Featured Research

from universities, journals, and other organizations

Flexible electronics hold promise for consumer applications

Date:
September 6, 2011
Source:
Wake Forest University
Summary:
New research has advanced the field of plastic-based flexible electronics by developing, for the first time, an extremely large molecule that is stable, possesses excellent electrical properties, and inexpensive to produce.

Physics professor Oana Jurchescu and grad students Jeremy Ward and Katelyn Goetz (left to right).
Credit: Image courtesy of Wake Forest University

New research from Wake Forest University has advanced the field of plastic-based flexible electronics by developing, for the first time, an extremely large molecule that is stable, possesses excellent electrical properties, and inexpensive to produce.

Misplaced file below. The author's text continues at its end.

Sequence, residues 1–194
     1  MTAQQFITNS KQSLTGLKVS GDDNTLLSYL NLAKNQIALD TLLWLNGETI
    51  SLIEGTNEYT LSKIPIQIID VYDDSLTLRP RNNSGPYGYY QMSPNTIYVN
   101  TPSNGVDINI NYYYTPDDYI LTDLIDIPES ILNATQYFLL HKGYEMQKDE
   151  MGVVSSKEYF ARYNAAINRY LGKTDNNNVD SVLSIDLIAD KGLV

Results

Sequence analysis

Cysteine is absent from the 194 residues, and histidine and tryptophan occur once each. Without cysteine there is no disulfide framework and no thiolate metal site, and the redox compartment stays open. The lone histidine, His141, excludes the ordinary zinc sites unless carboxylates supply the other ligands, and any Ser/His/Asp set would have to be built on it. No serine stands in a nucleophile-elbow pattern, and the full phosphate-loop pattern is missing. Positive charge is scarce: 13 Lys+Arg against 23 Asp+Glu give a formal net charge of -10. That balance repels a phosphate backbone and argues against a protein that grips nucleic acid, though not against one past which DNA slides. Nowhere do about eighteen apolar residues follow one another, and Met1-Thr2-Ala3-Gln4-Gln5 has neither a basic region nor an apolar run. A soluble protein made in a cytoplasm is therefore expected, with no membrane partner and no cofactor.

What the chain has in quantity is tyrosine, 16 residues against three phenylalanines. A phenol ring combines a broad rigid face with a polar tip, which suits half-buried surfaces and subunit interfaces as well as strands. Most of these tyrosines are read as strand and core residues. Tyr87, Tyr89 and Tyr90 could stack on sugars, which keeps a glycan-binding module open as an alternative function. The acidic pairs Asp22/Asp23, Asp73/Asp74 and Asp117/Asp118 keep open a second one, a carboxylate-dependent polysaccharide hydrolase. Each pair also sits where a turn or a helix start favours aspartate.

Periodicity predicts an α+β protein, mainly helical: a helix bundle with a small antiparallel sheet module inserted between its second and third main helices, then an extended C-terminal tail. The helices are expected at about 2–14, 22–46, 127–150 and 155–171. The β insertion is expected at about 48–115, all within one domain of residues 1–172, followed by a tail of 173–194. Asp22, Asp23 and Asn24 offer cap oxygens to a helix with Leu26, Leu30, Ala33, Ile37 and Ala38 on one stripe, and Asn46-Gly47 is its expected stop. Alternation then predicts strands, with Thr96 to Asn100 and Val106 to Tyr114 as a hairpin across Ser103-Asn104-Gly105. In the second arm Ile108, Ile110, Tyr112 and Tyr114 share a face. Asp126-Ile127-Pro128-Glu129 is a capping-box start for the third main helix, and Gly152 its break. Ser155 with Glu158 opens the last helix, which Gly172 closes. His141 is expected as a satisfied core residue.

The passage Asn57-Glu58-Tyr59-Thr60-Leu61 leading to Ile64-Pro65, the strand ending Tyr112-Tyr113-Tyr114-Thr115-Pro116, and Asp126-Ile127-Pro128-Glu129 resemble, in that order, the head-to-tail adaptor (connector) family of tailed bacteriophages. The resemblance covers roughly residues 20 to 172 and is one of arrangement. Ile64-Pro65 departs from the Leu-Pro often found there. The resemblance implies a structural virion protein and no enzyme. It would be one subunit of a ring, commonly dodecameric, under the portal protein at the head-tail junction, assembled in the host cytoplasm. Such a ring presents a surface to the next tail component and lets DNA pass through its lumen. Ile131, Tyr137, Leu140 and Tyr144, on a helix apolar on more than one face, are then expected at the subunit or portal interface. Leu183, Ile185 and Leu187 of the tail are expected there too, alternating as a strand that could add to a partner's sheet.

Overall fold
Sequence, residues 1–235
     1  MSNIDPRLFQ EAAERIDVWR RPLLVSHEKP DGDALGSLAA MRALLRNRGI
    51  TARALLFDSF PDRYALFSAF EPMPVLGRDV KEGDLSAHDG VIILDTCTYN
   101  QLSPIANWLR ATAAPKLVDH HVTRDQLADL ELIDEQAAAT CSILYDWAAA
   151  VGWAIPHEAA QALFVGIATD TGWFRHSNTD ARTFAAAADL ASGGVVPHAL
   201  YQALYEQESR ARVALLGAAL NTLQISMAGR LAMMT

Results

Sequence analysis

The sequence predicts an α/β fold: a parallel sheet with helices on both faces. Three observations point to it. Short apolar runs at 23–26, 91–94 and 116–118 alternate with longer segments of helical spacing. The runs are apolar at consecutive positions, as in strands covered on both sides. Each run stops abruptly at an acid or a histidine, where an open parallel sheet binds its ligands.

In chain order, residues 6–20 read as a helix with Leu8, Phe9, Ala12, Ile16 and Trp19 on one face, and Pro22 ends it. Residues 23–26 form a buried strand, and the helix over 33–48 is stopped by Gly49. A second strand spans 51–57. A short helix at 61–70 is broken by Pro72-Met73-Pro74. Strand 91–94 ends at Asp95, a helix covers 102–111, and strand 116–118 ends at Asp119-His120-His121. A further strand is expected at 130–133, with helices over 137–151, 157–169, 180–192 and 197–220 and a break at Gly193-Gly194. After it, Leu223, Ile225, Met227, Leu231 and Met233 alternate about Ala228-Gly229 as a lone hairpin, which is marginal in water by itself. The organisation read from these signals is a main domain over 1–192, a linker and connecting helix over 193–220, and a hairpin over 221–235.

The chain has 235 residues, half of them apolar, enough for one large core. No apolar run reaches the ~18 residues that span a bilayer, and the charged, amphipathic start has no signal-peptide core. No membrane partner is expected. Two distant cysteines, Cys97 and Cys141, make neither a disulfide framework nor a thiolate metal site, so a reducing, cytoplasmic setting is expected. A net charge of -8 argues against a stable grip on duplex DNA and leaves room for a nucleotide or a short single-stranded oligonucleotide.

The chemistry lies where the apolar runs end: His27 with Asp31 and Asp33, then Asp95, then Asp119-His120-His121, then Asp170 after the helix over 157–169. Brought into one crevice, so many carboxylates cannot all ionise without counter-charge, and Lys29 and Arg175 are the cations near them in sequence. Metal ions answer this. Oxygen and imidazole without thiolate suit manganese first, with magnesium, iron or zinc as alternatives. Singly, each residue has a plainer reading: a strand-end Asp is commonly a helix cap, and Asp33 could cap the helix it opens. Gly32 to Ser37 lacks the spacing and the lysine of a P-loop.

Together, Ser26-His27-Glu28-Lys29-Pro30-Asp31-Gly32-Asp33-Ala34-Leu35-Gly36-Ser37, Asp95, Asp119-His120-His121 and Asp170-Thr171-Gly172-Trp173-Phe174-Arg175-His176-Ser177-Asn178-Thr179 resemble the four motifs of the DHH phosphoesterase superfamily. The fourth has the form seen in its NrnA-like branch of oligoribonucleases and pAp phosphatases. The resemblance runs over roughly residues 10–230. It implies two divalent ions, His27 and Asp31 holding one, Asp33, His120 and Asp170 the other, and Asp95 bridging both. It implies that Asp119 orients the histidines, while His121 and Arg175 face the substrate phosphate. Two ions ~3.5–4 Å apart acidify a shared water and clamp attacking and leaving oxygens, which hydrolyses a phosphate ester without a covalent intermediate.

Related Articles


The technology, developed by Oana Jurchescu, assistant professor of physics at Wake Forest, her graduate students Katelyn Goetz and Jeremy Ward, and interdisciplinary collaborators from Stanford University, Imperial College (London), University of Kentucky and Appalachian State University, eventually may turn scientific wonders -- including artificial skin, smart bandages, flexible displays, smart windshields, wearable electronics and electronic wallpapers -- into everyday realities.

Jurchescu says plastic or organic semiconductors, produced in large volume using roll-to-roll processing, inkjet printing or spray deposition, represent the "electronics everywhere" trend of the future.

In the current consumer market, however, the word "electronic" is generally associated with the word "expensive." This is largely because products such as televisions, computers and cell phones are based on silicon, which is costly to produce. Organic electronics, however, build on carbon-based (plastic) materials, which offer not only ease of manufacturing and low cost, but also lightweight and mechanical flexibility, says Jurchescu.

The team recently published its manuscript in Advanced Materials.

Prior researchers predicted that larger carbon frameworks would have properties superior to their smaller counterparts, but until now there has not been an effective route to make these larger frameworks stable and soluble enough for study.